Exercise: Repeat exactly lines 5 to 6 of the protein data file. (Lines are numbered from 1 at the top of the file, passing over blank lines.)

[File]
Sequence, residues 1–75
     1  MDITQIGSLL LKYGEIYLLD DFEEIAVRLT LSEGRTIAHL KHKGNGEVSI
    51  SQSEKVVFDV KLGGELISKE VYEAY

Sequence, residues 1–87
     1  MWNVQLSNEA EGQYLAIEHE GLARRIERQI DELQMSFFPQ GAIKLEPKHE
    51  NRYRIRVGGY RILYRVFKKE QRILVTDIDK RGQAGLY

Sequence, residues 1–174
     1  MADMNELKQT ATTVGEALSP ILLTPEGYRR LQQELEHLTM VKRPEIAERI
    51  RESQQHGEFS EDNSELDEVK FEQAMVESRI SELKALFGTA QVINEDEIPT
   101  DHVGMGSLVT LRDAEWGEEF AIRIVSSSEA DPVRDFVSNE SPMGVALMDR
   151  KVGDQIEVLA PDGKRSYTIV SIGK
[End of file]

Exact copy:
     1  MWNVQLSNEA EGQYLAIEHE GLARRIERQI DELQMSFFPQ GAIKLEPKHE
    51  NRYRIRVGGY RILYRVFKKE QRILVTDIDK RGQAGLY